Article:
Corrections made on Oct. 12 at 5:31 p.m.
Leona Thorogood of the Stettler Hospital Foundation presented a delegation to Stettler Town Council to give an update on the Stettler Hospital & Care Centre renovations.
Alberta Health Services (AHS) received $9.3 million towards the renovation project from the Infrastructure Maintenance Program (IMP). AHS, Alberta Health and Alberta Infrastructure work together to identify which renovation projects will receive IMP funding.
The Stettler Hospital Foundation has committed $250,000 for part of the project as well as continued fundraising.
“Lots of that was due to the fact that the Foundation, on their own dime, did a study and pushed a lot of right buttons and made people take a look at how Stettler was a viable option for both the operating room and we supplied the board with a number for the labour and delivery room,” said Thorogood.
The government found Stettler to be a viable option for the amount of people served and the close proximity to Red Deer once they viewed the facility.
Projects are prioritized based on feedback from site administration, staff, and the community, including foundations.
Eighteen user groups were engaged to review the current use of space and priority areas. They identified the Emergency Department, Labour and Delivery Department and the facility’s kitchen as improvement items.
They are hoping to begin ‘ripping apart’ the hospital by December 2018 or January 2019.
Phase 1 starts near the end of 2018 with the cafeteria being reduced to half its size. The cafeteria will be reworked but will continue to be operational while undergoing renovations and construction of a pharmacy.
Phase 2 will start in early spring of 2019 where construction of the Labour and Delivery department will take place.
Phase 3 will start in late 2019/early 2020 and includes the Emergency Department renovation which includes a new entrance in front of the building which improves the emergency department’s visibility, accessibility, security and workflow.
A plan to keep the ER constantly running despite the renovations is in place. The new ER will have one private room, eight stretcher bays, five chairs and two trauma bays and it will see a temporary location in the 3rd or 4th quarter of next year.
“If you have ever been in the trauma room, you know that you can barely swing a cat in that room. It’s because of the size of equipment and everything else. They actually have to put the stretchers in at an angle so with this new room it will be a huge improvement to the health care for those that are receiving medical care,” said Thorogood.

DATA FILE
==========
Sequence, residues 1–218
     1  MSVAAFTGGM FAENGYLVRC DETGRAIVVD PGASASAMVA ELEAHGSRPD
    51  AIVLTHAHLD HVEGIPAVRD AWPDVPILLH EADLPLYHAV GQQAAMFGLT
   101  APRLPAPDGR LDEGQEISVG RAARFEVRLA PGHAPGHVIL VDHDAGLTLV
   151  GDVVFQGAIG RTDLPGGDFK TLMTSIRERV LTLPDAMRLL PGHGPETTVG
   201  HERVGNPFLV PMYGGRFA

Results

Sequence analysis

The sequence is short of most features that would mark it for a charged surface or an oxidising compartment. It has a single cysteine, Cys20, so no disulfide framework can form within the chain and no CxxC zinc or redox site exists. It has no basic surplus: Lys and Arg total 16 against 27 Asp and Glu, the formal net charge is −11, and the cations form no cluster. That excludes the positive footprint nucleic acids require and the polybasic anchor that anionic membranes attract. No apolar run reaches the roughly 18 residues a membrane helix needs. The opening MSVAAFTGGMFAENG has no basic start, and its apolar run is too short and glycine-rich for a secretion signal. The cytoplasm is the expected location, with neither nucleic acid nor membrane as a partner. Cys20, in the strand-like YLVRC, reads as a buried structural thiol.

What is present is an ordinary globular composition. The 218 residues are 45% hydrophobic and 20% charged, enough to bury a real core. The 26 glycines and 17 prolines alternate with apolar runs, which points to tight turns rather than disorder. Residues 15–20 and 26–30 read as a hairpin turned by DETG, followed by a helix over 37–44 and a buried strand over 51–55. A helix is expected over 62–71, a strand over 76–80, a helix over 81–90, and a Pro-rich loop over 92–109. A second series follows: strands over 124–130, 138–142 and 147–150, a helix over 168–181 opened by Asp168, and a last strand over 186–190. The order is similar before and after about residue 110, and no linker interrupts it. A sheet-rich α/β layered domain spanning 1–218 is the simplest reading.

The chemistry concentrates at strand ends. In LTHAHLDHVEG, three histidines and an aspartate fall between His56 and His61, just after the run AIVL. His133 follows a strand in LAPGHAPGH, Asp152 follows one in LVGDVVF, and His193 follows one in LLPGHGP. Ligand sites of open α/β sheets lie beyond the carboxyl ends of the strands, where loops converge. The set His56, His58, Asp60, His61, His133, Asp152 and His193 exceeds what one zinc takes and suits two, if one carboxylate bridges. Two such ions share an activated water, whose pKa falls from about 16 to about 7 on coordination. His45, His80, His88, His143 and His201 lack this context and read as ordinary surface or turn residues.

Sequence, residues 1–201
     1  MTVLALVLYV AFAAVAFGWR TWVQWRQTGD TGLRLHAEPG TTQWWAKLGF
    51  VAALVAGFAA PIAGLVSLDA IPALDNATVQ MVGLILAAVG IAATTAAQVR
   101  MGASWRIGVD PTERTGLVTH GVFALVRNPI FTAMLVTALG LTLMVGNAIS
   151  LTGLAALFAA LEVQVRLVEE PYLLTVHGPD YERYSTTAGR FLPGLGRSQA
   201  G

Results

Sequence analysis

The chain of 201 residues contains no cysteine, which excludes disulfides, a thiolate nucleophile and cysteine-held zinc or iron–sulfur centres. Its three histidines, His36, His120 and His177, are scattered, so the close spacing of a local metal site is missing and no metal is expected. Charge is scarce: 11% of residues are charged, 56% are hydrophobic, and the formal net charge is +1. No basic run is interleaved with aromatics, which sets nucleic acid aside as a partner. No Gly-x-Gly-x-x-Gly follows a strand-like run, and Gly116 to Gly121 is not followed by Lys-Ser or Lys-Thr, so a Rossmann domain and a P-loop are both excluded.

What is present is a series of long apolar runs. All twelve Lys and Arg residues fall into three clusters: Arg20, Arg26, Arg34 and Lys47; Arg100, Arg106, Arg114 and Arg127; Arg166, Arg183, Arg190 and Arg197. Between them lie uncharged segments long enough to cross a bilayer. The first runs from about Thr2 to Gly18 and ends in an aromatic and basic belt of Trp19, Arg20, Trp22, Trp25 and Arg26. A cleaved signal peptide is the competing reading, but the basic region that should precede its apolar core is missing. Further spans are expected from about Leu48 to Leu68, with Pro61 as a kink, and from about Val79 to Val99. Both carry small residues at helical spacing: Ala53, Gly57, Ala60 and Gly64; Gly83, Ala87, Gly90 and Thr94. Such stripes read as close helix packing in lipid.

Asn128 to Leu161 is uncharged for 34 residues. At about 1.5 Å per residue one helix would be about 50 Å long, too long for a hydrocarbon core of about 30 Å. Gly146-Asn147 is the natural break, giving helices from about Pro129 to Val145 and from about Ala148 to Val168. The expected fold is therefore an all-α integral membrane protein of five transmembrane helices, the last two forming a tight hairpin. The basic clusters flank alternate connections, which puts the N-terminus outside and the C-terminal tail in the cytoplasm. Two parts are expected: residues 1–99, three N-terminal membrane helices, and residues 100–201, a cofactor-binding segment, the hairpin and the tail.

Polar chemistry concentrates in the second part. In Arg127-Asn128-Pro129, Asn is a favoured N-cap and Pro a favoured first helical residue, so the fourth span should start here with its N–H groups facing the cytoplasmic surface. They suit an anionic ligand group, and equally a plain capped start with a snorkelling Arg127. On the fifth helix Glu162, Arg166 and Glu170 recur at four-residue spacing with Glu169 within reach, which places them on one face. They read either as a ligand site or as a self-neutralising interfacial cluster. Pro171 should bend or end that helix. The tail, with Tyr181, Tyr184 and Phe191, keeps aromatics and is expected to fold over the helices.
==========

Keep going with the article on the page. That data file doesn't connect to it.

Stettler Hospital’s gift shop will also be moved. That remaining room will become a part of the new ER.
Across from the gift shop is an admitting room which Thorogood considered a ‘waste of space’ as it is hardly used.
Nurses can look forward to a new nurse call system. It necessitates a huge wifi server room which will be shared with the gift shop.
The construction company will be building onto a facility for the kitchen located in the parking lot between the hospital and the ambulance bay.
The kitchen will be abandoned as half of it will become the new pharmacy while the other half will be dedicated to much-needed storage space.
AHS is looking at enhancing rural hospitals. Stettler has been submitted along with one other area for an extra two days of OR services.
“They recognize the ability of Stettler to be able to handle the OR because when Red Deer had the floods and Diane [Palmer, Stettler hospital manager] was able to allow Red Deer surgeons to come over here, pick up the OR’s that they needed and actually found that they could complete more procedures here than when they could in Red Deer because of the efficiency of Diane,” said Thorogood.
Geriatrics may become a long-term goal but not for the current project. The Foundation and Stettler Hospice Society may be looking to Stettler Council for more political support in the future.
Council thanked Thorogood for the presentation.
“It means a lot to us,” said Mayor Sean Nolls. “The hospitals are really vital to the community. It’s so important I can’t even put it into words. Without that hospital – the vitality of that hospital – we wouldn’t be where we are today so thank you.
“I know we talk about the rec centre all the time and it’s important but the hospital is more important than the rec facility and you guys do it so selflessly.”